Remembering Lancaster’s Black History

Allen Chapel unveils historic plaque


Allen Chapel

Laura Overby, Editorial Editor

The unveiling of a historical sign at 154-year-old Allen Chapel in Lancaster recently coincided with the celebration of Black History Month. This plaque illustrates the history of Allen Chapel and its founder. A sermon, history lesson, and gifts were done before the presentation of the new plaque, which stands next to the Allen Chapel.

 Local dignitaries and church members mingled with local citizens who took part in the event. The church was established in the early 1800s by a former slave, Scipio Smith, for the Black citizens of Lancaster. It holds services to this day, although now the congregation is very diverse. 

The new plaque displayed next to the Allen Chapel.

Michael Johnson, Marketing Director, Fairfield County Heritage Association conducted research on Scipio Smith and his impact on the early Black community in  Lancaster. 

“I began researching a man called Scipio Smith several years ago, and I read a description about the first black businessman in Lancaster who stood six-foot-four, had a booming voice, and walked with a wooden leg, So of course I was intrigued by that,” Johnson said. 

“I was able to uncover one of the most amazing documents I had ever seen, Scipio Smith’s  Emancipation Document. It included the date he was set free and information that you rarely see when it comes to slaves including his birthdate and his mother’s name,” said Johnson.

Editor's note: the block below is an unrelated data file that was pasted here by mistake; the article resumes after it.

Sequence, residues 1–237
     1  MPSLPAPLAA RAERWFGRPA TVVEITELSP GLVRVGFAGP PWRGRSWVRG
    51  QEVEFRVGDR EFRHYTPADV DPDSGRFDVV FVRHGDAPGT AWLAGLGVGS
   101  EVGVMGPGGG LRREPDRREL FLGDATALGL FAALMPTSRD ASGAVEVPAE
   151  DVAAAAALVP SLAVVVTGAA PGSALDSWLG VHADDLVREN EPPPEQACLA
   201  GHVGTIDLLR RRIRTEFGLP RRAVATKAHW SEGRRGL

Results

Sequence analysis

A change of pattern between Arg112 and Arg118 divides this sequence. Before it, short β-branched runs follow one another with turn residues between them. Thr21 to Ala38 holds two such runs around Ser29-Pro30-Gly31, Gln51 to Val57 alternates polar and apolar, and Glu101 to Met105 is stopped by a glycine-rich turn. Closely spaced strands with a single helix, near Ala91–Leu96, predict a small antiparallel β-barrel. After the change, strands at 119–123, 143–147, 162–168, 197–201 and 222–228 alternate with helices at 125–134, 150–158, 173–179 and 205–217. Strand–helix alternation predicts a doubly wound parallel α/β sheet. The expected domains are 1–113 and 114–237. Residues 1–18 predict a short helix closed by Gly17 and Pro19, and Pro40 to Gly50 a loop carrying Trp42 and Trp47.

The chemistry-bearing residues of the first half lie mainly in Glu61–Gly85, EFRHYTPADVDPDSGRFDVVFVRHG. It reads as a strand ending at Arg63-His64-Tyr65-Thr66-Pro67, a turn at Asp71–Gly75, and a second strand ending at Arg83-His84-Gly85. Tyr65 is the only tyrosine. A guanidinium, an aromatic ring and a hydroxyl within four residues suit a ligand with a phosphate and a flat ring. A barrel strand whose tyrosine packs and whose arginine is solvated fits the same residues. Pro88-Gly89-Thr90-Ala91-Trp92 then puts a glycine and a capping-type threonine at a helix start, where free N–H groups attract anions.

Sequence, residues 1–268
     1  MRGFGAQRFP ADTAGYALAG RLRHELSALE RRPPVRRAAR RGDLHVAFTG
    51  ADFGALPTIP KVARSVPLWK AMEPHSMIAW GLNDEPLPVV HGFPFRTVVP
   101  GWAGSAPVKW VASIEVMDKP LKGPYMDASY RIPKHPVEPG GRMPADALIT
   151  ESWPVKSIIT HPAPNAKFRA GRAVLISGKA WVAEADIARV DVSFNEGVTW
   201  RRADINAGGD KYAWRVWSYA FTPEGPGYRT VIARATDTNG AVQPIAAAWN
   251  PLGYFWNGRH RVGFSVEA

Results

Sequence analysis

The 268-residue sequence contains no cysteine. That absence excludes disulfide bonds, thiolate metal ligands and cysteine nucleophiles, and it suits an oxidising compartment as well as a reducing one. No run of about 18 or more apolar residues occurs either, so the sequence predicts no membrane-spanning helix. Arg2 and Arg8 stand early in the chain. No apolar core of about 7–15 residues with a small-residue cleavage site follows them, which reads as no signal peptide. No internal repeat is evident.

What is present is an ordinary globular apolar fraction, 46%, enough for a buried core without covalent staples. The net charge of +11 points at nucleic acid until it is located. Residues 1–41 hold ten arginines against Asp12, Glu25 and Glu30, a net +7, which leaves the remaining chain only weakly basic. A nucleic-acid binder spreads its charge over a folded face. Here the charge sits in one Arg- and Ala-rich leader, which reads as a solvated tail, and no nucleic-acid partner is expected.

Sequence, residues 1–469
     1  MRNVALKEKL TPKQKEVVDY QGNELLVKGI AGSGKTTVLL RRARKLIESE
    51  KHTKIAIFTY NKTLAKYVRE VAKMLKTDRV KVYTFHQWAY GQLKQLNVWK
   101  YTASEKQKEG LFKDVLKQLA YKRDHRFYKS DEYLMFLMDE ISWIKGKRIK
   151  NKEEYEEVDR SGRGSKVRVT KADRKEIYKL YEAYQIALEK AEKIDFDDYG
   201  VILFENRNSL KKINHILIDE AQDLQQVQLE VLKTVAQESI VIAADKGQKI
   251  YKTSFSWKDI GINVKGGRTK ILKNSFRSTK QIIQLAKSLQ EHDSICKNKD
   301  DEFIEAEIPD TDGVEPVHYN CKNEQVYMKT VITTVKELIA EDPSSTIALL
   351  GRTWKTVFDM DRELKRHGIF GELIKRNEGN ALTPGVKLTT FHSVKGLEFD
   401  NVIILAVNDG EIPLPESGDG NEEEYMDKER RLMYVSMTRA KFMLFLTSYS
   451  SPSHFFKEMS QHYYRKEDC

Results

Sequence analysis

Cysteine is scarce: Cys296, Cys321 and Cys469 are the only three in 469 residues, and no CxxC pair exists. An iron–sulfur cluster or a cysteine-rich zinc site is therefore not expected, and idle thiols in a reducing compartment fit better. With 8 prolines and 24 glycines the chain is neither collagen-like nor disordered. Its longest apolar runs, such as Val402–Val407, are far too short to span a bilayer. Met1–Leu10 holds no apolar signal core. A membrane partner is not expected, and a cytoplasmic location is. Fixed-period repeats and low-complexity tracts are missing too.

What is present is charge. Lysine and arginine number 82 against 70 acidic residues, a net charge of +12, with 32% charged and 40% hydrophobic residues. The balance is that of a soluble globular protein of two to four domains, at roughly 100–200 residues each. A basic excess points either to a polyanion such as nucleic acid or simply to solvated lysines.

Michael Johnson, Hollie Saunders, and Evan Saunders holding Scipio Smith’s Emancipation document.

Hollie Saunders, the pastor’s sister and author of Through My Eyes: A History of Lancaster from a Black Perspective, explained how Scipio Smith founded the Allen Chapel A.M.E. Church. 

“The Carpenters gave the blacks this area of land in 1810, but until 1825 there was a log cabin that was actually used as the congregation. Scipio Smith heard about the African Methodist Episcopal Church conference that had just started in Philadelphia and he looked into it and thought it would be a good fit. Scipio Smith studied to become a pastor and started the Allen Chapel A.M.E Church” Saunders said. 

Saunders said the church brings special memories of her family.

“This is all because of Mom and Dad. I feel her and Dad here today; I feel our ancestors.” 

In an interview with CLN – Your Hometown Connection, Pastor Saunders explained that during segregation,  Blacks often secretly hid in the church to avoid racist violence. He said that the new sign at the church is a Godsend because today church-goers of all denominations and races can sing, worship, and dance together. The unveiling of the new sign during Black History Month honors the place that was once the cornerstone of the Black community in Lancaster.

 “I would love it if Black history were woven and intertwined with local history so tightly that people wouldn’t feel the need for this month, not that the community doesn’t appreciate the shortest month of the year,” said Johnson.